Colorado athletic director Mike Bohn told The Associated Press that Bzdelik confirmed Tuesday night he was taking the position.
The school has called a 10 a.m. ET news conference to introduce its new coach.
Bzdelik spent 2½ seasons coaching the NBA's Denver Nuggets and most recently went 36-58 in three seasons at Colorado.
His hiring comes a week after Wake Forest fired Dino Gaudio because of what athletic director Ron Wellman described as a pattern of late-season fades.
Wake Forest focused its search on Bzdelik for most of the week that the job was open. Over the weekend, he emerged as the only publicly known candidate, and he issued a statement Sunday acknowledging that he would speak to school officials about the opening. Bohn said he has been monitoring the Demon Deacons' pursuit of his coach intently over the past few days.
"I'm pleased for Jeff. He was able to move the program forward," Bohn said in a phone interview. "He wanted to be in that part of the country."
The 57-year-old Bzdelik is no stranger to either his new boss or his new employer -- his daughter is enrolled at Wake Forest. Bzdelik and Wellman have known each other for roughly three decades, since they were at Northwestern in the early 1980s -- Wellman as the baseball coach and Bzdelik as a men's basketball assistant.
Bzdelik started his coaching career in the late 1970s at Davidson, an hour's drive south of the Wake Forest campus.
Wake Forest will be paying a pair of men's basketball coaches this season. Gaudio was fired a week ago, six months after his contract was extended through 2013-14. In discussing the firing, Wellman said the buyout clause in the ex-coach's deal "will be honored, most definitely." Terms were not disclosed.
Gaudio had a three-year record of 61-31 but a combined mark of 1-5 in ACC and NCAA tournament games. His dismissal came 15 months after he guided the Demon Deacons to their second No. 1 national ranking in school history -- and 2½ weeks after a 30-point loss to Kentucky in the second round of the East Regional. The Demon Deacons have won multiple NCAA tournament games only once since 1996.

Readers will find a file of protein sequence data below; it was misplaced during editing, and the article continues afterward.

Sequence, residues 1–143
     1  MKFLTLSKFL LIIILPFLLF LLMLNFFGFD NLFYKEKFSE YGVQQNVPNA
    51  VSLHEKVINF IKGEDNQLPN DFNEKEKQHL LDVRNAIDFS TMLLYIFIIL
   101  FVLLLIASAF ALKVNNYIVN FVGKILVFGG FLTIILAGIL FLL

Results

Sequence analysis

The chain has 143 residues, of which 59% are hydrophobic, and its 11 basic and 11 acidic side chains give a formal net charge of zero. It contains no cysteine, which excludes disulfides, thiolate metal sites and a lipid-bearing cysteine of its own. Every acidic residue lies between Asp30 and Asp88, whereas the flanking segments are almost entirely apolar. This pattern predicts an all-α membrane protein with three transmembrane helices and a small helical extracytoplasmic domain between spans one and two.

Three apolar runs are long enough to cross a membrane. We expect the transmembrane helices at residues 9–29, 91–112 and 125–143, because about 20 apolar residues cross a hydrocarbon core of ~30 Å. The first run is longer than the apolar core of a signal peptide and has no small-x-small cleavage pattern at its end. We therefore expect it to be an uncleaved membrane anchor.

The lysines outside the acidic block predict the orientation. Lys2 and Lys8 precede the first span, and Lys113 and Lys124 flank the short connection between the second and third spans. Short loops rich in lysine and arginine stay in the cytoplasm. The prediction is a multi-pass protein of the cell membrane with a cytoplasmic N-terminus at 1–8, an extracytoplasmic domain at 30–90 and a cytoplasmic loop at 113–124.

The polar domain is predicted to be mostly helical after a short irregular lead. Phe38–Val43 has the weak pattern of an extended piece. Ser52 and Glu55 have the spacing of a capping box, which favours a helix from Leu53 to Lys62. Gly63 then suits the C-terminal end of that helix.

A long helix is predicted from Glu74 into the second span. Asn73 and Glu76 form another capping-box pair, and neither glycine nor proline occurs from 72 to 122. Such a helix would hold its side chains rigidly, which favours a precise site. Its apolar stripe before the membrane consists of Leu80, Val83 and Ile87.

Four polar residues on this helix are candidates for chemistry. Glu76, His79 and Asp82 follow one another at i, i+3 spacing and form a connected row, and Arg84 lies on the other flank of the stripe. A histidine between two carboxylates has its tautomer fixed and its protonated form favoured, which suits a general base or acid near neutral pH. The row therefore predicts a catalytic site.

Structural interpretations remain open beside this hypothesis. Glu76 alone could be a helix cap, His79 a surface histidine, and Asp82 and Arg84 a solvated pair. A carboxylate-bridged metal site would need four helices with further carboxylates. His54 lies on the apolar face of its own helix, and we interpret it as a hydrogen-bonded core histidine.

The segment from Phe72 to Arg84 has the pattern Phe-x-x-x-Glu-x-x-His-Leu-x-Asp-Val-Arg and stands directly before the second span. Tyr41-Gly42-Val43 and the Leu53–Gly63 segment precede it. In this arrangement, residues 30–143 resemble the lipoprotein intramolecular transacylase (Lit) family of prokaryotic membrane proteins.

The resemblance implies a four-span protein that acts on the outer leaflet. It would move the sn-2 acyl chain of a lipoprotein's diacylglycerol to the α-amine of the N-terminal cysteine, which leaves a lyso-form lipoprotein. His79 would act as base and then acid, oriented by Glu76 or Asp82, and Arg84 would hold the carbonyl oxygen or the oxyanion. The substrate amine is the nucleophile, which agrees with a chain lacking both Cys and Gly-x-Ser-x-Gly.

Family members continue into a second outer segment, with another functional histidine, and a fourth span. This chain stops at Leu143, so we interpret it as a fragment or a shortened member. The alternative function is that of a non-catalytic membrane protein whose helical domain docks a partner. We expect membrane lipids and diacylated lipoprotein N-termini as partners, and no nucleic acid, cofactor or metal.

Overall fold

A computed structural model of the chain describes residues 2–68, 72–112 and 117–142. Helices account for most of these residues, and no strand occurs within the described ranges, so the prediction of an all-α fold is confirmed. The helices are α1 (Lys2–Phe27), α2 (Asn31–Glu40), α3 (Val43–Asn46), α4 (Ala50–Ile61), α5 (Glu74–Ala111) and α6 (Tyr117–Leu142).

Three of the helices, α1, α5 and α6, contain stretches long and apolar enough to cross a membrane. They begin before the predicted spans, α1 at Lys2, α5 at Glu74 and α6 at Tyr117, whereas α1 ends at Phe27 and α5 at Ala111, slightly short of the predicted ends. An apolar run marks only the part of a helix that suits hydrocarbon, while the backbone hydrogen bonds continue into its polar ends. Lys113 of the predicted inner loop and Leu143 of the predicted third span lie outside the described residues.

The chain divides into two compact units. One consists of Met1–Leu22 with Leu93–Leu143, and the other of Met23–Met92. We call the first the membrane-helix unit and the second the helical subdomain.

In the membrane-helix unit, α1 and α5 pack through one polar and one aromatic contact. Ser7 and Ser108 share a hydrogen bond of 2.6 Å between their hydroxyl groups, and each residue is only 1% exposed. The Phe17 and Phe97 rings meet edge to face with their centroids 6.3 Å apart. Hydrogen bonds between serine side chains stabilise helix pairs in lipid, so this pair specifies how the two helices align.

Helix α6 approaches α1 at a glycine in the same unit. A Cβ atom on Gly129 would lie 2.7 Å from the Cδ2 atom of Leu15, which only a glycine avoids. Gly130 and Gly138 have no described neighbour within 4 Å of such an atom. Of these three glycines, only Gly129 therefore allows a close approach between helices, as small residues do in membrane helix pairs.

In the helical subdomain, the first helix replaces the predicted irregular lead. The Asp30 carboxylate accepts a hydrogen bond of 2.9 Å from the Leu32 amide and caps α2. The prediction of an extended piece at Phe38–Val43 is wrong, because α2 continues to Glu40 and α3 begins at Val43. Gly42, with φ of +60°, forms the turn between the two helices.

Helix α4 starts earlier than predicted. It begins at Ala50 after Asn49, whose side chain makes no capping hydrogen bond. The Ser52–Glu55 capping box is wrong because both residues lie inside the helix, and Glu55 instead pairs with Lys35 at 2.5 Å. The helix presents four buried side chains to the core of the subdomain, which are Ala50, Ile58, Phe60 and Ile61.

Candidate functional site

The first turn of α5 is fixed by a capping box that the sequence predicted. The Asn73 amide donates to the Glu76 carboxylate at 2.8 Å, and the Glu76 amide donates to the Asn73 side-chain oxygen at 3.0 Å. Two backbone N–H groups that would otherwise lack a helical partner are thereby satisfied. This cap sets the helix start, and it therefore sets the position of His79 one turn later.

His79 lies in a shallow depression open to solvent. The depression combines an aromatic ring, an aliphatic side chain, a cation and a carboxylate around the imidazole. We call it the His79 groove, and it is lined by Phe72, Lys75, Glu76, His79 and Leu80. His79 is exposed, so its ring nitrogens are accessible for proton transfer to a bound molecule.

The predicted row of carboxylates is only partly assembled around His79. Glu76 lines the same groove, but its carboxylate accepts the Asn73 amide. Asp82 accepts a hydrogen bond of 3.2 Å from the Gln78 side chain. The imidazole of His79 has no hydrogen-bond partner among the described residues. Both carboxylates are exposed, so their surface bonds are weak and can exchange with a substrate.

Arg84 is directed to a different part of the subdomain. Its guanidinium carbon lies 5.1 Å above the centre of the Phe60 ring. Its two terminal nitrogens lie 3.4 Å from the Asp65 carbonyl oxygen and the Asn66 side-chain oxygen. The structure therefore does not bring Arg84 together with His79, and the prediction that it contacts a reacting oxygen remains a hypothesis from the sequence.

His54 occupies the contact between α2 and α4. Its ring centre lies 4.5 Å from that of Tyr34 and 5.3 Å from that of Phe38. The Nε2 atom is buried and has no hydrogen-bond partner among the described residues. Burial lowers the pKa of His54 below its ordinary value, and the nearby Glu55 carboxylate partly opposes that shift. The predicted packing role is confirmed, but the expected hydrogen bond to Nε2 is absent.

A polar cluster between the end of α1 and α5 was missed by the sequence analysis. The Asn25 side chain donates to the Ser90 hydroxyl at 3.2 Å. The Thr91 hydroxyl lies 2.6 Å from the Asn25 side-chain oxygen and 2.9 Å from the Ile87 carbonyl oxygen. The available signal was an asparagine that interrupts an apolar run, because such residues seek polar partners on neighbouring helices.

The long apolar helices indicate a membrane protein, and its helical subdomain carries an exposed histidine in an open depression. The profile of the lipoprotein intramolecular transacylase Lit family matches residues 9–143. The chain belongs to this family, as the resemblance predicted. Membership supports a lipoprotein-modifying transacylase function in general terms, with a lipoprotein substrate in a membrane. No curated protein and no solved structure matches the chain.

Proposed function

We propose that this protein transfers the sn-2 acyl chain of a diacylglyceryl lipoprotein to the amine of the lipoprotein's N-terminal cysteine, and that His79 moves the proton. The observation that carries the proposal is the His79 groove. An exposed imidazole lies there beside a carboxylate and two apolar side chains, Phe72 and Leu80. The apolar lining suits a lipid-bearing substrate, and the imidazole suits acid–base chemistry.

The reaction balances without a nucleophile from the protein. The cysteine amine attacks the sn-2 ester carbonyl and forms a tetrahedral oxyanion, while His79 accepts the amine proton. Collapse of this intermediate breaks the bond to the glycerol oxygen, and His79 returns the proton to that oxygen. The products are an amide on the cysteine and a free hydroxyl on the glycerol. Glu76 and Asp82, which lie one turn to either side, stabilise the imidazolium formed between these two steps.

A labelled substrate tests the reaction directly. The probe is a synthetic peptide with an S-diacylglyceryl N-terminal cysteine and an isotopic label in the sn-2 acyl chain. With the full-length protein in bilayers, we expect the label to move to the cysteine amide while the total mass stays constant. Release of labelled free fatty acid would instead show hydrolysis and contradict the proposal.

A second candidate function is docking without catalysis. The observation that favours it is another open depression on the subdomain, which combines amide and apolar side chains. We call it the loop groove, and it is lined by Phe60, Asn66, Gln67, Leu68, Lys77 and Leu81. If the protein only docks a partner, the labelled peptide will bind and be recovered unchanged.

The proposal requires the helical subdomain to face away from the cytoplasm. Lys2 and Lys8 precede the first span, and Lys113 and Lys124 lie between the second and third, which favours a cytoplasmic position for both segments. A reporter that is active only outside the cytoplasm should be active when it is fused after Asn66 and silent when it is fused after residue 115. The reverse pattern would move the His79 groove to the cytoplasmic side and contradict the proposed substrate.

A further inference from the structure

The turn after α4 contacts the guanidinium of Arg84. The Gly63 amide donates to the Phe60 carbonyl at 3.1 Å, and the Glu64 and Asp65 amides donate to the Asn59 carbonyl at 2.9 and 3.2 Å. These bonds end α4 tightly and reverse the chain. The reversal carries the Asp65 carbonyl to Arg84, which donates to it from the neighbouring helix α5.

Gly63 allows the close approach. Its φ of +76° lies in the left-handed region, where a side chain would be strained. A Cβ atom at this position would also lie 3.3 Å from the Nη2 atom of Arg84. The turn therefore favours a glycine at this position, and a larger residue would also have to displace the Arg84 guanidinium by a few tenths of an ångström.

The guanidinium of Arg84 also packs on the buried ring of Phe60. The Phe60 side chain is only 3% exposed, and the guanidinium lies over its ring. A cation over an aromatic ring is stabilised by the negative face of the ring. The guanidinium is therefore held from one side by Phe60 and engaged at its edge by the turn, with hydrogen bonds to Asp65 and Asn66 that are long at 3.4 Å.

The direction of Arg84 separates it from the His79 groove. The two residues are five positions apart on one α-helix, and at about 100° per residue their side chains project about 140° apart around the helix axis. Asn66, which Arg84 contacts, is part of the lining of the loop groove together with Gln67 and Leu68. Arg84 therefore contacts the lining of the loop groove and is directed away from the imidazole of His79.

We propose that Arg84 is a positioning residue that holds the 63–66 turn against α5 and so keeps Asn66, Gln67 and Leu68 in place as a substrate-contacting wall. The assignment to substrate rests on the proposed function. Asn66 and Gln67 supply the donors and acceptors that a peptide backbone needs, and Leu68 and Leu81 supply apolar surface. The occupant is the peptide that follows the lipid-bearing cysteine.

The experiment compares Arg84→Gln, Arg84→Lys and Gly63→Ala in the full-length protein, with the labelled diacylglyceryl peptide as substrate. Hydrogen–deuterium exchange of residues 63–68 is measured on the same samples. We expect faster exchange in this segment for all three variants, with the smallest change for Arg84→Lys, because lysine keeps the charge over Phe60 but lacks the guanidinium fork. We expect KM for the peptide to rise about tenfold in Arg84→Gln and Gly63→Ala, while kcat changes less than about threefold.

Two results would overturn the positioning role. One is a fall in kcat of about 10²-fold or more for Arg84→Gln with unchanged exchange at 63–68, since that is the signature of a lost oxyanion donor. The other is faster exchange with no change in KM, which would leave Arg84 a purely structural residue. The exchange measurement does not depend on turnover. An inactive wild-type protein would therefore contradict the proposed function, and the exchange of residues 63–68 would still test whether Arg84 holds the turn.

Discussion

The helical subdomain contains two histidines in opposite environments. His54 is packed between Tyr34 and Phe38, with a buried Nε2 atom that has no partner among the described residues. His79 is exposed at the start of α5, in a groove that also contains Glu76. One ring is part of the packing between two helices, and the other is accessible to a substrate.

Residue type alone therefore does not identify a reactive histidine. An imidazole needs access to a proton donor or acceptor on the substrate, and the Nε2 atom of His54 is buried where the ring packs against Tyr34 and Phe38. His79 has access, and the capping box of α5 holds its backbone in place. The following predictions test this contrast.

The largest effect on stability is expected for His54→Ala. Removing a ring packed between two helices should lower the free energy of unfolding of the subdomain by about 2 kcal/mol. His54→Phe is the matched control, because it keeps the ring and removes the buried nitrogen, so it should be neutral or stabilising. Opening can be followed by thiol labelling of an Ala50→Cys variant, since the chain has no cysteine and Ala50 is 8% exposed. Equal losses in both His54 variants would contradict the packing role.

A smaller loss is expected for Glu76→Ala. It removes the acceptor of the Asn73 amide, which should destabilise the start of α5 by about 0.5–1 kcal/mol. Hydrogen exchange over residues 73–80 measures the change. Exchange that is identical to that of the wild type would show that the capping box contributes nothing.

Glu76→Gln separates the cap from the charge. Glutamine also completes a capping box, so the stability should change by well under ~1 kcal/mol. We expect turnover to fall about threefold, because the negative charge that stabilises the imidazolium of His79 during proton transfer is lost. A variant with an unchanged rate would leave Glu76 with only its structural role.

Bzdelik signed a five-year deal at Colorado in 2007, and leaves less than a month after the school broke ground on a practice facility. He has a $500,000 buyout in his contract to coach the Buffaloes.
His 15-16 record this past season was an improvement. Colorado lost 22 games in 2008-09 and 20 the year before that.
Bohn said he plans to organize a search committee as soon as Wednesday.
"We've got great young men, a close-knit group who've dedicated themselves to Colorado," Bohn said. "We're going to work our tails off to get them a great coach."
One of the names that may surface is Buffaloes associate head coach Steve McClain, who joined the staff in 2007 after serving as coach at Wyoming for nearly a decade.
"We have a lot of respect for Steve," Bohn said. "We anticipate him being in the mix."
Bohn is no stranger to coaching searches these days. He brought in former Colorado player Linda Lappe on Monday to take over the women's basketball program.
"We've been preparing for this," Bohn said.
Before taking over at Colorado, Bzdelik found plenty of success during a two-year stint at Air Force, where he was 50-16. He led the Falcons to the NCAA tournament in 2006 and to the Final Four of the NIT the following season.
He has not been to the postseason since the 2007 NIT. That season, those Falcons gave Wake Forest its most lopsided nonconference loss of the modern era when it routed Skip Prosser's Demon Deacons 94-58 in November 2006.
Bzdelik is 0-1 as a head coach in the NCAA tournament, with his Air Force team losing to Illinois in the first round in 2006. He was 50-16 in two seasons at the academy, and was 73-119 with the Nuggets from 2002-04.
Now he's expected to take over a program with a reputation for attracting NBA-caliber players. Guard Jeff Teague and forward James Johnson jumped to the pros last year after their sophomore seasons, and Al-Farouq Aminu announced plans to leave early two weeks ago.
Among the new coach's next challenges: Keeping an incoming five-man recruiting class considered one of the nation's best by the recruiting services, and getting to know the unsigned high school seniors-to-be who will make up the class of 2011.